Pictures might be worth a thousand words, but they often lack one caveat of importance: context. Propagandizing against oneself in this fashion does not achieve the moral high ground. Rather, it treats a matter of life and death — someone else’s life and death, let me remind you — in the most careless manner conceivably possible.
There is a reason why current and former presidents and cabinet secretaries decline to speak about certain aspects of geopolitics, and that is because there is such a thing as a sensitive topic in the annals of national security. Whatever one’s opinion of the treatment of detainees, sober minds should be able to agree that the necessity of an action in no way dampens the inflammatory nature of the action. Whether an interrogation is reasonable or reprehensible, sensationalizing it through photographs is the height of negligent governance.
We have a moral responsibility to ourselves and no one else. It is preferable to lead the world by example and when possible it should be done. But when citizens overseas might be killed because of domestic political one-upmanship, we must remember that the Constitution, as they say, is not a suicide pact.
Do those who advocate the release of the photos appreciate the fuel to the fire that would result? Cenk Uygur, paradoxically, seems to want such inflammation: “If something isn’t on television, it didn’t happen,” he states. “Television has a multiplier effect. … On television stories spread and multiply and get spread to other channels and other mediums.” In essence, should the photos be shown on television, the visual effects would shock our moral scruples, thus dissuading more Americans from supporting these interrogative practices. Chalk up a petty political victory for the “team.”
Needless to say, this is not a mature reason to hold a position. It is, in fact, as reckless as it gets.
Recall the Muslim reaction to the Newsweek story that claimed U.S. guards at Guantanamo Bay flushed the Islamic Koran down a toilet: riots ensued, violence erupted, and people were killed throughout the Middle East. That Newsweek later admitted the story was a fabrication did not matter. It was already too late. Recall the Muhammad cartoons in Denmark, which depicted the Islamic prophet in an unflattering light: scores of innocent people were murdered, fatwas and religious death warrants were issued, embassies all throughout Europe and the Middle East were ransacked by angry mobs, and the insurgencies in Iraq and Afghanistan got considerably worse.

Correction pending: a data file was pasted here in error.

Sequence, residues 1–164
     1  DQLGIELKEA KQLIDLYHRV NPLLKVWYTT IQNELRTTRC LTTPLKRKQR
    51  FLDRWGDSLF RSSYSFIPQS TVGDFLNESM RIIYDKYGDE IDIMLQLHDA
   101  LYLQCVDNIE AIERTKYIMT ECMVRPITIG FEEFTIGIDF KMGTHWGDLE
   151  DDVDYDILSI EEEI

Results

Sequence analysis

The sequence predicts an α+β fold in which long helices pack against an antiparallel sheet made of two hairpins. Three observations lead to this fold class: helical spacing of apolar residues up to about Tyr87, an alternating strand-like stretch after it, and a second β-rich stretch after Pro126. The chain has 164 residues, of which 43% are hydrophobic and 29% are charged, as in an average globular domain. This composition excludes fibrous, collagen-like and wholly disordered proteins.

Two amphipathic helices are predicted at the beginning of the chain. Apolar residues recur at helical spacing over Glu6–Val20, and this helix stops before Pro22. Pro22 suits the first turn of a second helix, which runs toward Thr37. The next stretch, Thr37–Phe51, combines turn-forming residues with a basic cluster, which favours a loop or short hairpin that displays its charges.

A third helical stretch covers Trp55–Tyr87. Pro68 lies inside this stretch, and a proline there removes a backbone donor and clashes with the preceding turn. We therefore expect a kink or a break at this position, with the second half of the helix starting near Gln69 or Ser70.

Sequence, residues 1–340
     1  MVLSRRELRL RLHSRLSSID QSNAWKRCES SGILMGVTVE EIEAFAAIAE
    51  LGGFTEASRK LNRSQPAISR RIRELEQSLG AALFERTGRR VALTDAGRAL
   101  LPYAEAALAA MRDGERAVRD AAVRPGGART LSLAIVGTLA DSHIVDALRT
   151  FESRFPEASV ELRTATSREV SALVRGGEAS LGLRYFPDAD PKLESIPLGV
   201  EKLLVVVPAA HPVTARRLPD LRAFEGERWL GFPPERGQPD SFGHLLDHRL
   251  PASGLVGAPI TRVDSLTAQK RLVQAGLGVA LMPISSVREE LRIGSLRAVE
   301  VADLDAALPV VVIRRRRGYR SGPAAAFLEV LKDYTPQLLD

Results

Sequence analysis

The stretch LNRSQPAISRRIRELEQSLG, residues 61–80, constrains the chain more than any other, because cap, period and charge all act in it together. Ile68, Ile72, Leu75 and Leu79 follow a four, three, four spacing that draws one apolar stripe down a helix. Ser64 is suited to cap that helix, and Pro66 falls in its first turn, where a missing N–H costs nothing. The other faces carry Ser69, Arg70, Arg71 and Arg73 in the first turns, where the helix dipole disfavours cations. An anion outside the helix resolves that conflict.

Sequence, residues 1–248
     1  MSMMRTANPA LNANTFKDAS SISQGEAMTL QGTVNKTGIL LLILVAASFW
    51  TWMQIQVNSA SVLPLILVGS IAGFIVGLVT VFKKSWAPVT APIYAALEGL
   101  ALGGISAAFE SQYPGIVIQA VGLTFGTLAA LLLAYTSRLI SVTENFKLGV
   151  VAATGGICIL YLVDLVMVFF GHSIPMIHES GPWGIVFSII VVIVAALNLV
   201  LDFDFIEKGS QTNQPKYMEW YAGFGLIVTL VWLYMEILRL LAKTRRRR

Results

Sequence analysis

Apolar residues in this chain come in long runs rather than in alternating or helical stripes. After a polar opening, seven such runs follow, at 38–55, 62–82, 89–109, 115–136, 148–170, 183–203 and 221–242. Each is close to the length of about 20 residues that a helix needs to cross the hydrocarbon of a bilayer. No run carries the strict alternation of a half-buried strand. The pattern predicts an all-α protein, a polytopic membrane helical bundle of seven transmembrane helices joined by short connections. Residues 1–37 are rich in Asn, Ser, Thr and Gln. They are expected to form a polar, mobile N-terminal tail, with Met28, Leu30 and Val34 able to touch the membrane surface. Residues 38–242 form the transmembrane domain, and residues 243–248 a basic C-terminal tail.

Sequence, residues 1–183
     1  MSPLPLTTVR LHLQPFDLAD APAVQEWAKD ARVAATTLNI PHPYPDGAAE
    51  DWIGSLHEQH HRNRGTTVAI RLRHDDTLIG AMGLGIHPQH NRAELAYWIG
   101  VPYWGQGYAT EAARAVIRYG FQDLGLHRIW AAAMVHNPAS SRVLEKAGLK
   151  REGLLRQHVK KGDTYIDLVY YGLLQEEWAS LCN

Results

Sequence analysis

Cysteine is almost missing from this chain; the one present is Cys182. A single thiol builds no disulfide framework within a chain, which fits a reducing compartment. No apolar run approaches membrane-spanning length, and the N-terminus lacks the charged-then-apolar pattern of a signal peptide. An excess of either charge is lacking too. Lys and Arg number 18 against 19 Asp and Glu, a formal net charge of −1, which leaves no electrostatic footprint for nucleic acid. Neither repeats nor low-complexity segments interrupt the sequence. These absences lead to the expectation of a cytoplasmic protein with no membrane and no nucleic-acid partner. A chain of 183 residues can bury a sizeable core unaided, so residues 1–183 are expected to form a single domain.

At the time, there were those in the West insisting that we stand up for freedom of speech (even if offensive) by reprinting the Muhammad cartoons in solidarity with Denmark. Those opposing this sentiment — overwhelmingly on the political left — contended otherwise, prioritizing the prevention of Muslim rage over free expression.
How odd is it that most of these same people now speak glowingly of “transparency” and “openness,” insisting our demons can only be exercised by committing an act so egregious as to release photographs and rile up the proverbial hornet’s nest, consequences be damned? Where is the concern for violent reprisal and retribution that we saw during the cartoon fury? Is their position based solely on whether or not other people are threatened — like our countrymen in the armed services? Is that the necessary precondition for the haughty self-loving to commence, patting themselves on the back all the while endangering the lives of others? Is it only then that they support an international media excoriation process to broadcast our national sins?
In the coming weeks, the photographs might still be leaked to a salivating press from some dark, oily source. This was a liability President Obama wisely did not want to take on, with potential blood he did not want on his hands. It was the correct decision, a no-brainer. The bottom line is the release of these photos would have resulted, and still may result, in more dead American soldiers. How someone could grant that premise and then make the political case that their release should still be allowed is an ethical duality beyond my comprehension.
Thankfully, it is beyond President Obama’s comprehension, as well. The men and women in the military are real, living people with real, concerned families. They are working against the grain with grace under pressure and are guilty of nothing other than complete unbending commitment to defending the very individuals who so cavalierly envision making their lives harder and their days deadlier.